If it were based on you and what you deserve, no matter how much thou doth protest, you would receive nothing. Your God chose to give you your blessings, both physical and spiritual, because of Jesus and what Jesus did in place of you.
Instead of looking at you, your God saw that Jesus lived a perfect life; that he, and he alone, was the model relative, friend, co-worker, and Christian. Where you could only come up with excuses, Jesus used his holy and precious blood to excuse you. Where you have tried to pile up those stacks of evidence proving the premise for your own pridefulness, the great Judge declared you justified despite the real evidence that clearly proves otherwise.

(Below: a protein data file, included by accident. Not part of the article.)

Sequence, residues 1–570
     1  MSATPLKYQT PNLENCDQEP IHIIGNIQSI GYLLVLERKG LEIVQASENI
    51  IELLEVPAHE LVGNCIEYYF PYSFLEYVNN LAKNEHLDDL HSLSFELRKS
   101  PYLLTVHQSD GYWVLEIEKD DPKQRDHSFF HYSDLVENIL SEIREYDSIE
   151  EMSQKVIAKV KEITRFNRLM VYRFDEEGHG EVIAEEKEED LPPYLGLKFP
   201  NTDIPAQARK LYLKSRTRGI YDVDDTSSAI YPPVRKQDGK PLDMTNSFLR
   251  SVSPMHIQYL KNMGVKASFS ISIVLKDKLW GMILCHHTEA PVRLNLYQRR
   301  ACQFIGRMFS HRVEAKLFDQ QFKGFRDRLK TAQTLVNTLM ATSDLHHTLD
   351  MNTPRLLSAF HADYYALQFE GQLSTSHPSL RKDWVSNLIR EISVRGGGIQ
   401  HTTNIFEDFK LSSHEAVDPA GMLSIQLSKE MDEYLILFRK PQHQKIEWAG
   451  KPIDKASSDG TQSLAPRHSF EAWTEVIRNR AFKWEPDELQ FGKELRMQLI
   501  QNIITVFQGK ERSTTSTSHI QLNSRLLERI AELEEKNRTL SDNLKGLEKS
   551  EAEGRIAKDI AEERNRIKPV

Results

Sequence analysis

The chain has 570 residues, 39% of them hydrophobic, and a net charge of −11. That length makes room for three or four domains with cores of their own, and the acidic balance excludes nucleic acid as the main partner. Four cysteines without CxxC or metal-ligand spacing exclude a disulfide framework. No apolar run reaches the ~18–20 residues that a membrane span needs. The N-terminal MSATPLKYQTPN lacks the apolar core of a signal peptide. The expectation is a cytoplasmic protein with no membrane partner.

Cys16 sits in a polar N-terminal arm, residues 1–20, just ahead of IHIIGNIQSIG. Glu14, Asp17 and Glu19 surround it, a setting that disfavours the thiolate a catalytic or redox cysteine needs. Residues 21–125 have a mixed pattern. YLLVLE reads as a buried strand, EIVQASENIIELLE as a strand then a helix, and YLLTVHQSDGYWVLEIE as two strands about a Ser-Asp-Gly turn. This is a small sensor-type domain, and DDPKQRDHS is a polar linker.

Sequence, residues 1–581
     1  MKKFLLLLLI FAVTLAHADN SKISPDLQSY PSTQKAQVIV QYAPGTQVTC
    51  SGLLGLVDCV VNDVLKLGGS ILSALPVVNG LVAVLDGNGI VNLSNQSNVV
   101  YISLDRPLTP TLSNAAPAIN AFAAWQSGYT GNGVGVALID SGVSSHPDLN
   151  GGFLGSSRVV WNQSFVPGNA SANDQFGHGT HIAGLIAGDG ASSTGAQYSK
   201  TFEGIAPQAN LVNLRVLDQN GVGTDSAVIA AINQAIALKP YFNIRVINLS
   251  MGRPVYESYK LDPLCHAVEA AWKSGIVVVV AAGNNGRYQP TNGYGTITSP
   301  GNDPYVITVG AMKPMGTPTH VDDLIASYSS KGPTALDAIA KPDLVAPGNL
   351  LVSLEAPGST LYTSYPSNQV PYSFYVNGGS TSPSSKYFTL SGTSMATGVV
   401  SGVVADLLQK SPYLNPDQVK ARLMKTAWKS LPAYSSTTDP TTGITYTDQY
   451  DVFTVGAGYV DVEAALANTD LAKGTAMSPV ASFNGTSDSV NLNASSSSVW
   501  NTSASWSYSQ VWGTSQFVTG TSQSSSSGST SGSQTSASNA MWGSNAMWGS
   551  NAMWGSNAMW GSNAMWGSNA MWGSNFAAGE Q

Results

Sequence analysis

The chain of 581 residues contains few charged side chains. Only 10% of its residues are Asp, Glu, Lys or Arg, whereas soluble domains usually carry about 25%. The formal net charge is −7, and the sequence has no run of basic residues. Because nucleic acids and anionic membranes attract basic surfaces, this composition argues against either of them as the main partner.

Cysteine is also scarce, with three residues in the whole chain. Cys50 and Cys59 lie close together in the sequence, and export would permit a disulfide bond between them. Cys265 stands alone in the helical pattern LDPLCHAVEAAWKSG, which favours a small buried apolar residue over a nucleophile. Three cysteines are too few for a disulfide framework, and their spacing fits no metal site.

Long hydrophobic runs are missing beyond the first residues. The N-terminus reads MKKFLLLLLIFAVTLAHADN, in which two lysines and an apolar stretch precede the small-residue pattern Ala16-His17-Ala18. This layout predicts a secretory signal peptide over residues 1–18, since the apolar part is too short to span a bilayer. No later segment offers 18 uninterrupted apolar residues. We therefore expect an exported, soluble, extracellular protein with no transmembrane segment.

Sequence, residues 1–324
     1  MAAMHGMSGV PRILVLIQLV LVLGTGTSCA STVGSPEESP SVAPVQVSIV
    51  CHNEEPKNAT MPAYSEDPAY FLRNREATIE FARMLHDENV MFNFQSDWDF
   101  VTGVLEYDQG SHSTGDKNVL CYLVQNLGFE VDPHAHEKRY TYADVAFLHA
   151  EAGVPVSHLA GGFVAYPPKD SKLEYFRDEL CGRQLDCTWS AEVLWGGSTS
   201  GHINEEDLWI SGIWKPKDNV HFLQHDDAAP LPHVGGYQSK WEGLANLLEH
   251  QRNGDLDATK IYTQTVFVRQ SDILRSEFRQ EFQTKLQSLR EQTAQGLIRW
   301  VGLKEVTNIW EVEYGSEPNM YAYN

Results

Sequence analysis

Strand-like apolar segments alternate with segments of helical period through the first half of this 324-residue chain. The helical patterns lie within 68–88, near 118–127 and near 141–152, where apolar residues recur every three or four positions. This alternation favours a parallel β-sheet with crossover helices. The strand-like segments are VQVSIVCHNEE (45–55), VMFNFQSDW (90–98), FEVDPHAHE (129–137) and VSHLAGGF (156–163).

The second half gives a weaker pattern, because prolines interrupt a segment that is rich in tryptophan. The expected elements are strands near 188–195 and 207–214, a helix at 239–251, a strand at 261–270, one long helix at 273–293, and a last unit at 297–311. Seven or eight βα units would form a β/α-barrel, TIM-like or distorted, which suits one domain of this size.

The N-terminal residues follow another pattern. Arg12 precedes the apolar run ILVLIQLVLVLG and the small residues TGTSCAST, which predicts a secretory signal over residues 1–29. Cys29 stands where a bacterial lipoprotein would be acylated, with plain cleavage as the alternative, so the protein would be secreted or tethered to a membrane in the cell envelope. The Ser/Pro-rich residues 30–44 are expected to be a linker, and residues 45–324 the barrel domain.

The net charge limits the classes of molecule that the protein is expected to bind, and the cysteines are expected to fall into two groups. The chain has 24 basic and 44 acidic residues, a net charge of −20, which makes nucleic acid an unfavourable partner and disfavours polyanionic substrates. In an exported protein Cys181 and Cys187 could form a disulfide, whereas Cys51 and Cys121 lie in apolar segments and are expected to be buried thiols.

Brothers and sisters in Christ, it is a very good thing for you to read, hear, and write that your life and everything that you have is all about Jesus and your relationship with Jesus, in Jesus, through Jesus, and under Jesus.
But the Good News of great joy that is for all the people was not proclaimed to you so that you could defend your sins or cover up how you really feel about committing them. The Good News has been made known to you to forgive those sins and to save you from the punishment you deserve because of them. Don’t believe the lies, even if they come from your own heart. Hear again and believe the Word of truth, the gospel of your salvation. Because of Jesus, your inheritance in heaven is sealed. God guarantees it. Amen.